Russia’s plans are to be frustrated by Russia’s own allies.

Russia’s plans to strengthen the military component of the CIS Collective Security Treaty Organization (CIS CSTO) and transform it into an analog of NATO are compromised. Going to the CIS CSTO informal summit on Lake Issyk-Kul in Kyrgyzstan later today, President Dmitry Medvedev hopes to get his Belarussian counterpart Alexander Lukashenko to sign the Strategic Response Collective Forces agreement and Kyrgyz opposite number Kurmanbek Bakiyev to permit establishment of the CIS CSTO military base in his country. What information is available to Kommersant, however, indicates that neither Minsk nor Bishkek intend to meet Moscow halfway.

The informal summit opening today was expected to become a turning point in the history of the CIS CSTO, one marking its transformation from a structure existing essentially on paper into a genuine military bloc like NATO. “The Strategic Response Collective Forces will be the central item on the agenda,” a source in the CIS CSTO Secretariat told Kommersant. Leaders of the member states signed the agreement on the Strategic Response Collective Forces at the summit in Moscow last month. In Kyrgyzstan, they were supposed to start thinking in terms of actual deployment of the contingent in question and perhaps even in terms of military exercises.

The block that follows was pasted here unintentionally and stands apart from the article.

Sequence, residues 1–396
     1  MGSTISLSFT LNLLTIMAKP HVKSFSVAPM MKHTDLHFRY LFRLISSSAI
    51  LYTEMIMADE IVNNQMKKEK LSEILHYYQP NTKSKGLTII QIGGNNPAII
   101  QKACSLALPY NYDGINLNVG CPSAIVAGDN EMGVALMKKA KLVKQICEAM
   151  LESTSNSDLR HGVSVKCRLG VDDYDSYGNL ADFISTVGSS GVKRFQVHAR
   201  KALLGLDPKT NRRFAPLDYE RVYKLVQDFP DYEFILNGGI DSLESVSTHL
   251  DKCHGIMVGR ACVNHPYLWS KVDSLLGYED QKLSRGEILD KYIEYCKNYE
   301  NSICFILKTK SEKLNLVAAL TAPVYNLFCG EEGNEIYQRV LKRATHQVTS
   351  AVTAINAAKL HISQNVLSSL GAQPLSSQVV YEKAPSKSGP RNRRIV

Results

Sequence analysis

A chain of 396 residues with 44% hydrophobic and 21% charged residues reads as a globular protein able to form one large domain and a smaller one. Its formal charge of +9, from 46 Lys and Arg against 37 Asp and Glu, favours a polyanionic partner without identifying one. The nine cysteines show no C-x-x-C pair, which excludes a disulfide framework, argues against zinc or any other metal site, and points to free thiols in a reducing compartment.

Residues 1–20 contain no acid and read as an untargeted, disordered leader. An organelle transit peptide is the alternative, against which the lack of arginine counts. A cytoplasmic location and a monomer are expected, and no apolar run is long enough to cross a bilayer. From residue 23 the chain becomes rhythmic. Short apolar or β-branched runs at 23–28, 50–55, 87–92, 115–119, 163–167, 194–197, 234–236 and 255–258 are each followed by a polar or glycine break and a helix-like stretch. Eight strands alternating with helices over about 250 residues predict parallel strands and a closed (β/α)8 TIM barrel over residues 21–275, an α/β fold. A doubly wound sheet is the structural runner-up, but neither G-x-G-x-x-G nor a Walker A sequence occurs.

Resolved to develop the CIS CSTO into some sort of an analog of NATO, the Kremlin is forcing military construction within its framework. Staff negotiations over the first collective exercise of the Strategic Response Collective Forces began in Almaty, Kazakhstan, on the Russian initiative. Oleg Latypov, Senior Assistant Chief of the CSTO United Staff, said the exercise would take place in Matybulak (Kazakhstan) between August 19 and October 24. The assets and manpower to be involved include more than 6,000 servicemen, armored vehicles, and front-line aviation. The heads of CIS CSTO countries will observe the active phase of the military exercise on October 14.

Along with everything else, Russia is out to establish the first military base of the Strategic Response Collective Forces in Central Asia. Sources in the Russian ministries of defense and foreign affairs confirm that the matter really concerns another Russian military base in Kyrgyzstan.

Realization of these plans encounters obstacles, Lukashenko of Belarus being a nearly insurmountable hurdle. Enraged by the so called Dairy War with Russia in early June, Lukashenko pointedly refused to attend the CIS CSTO summit in Moscow and never signed the Strategic Response Collective Forces agreement therefore. Neither did official Minsk accept chairmanship in the CIS CSTO (Russia had to substitute for it) when its turn came. In fact, Belarus went so far as to proclaim decisions of the Moscow summit “illegitimate”. Formation of the Strategic Response Collective Forces was therefore compromised. CIS CSTO Secretary General Nikolai Bordyuzha admitted yesterday that before proceeding to develop the Strategic Response Collective Forces, the structure had to address the matters of the signing and ratification of the agreement.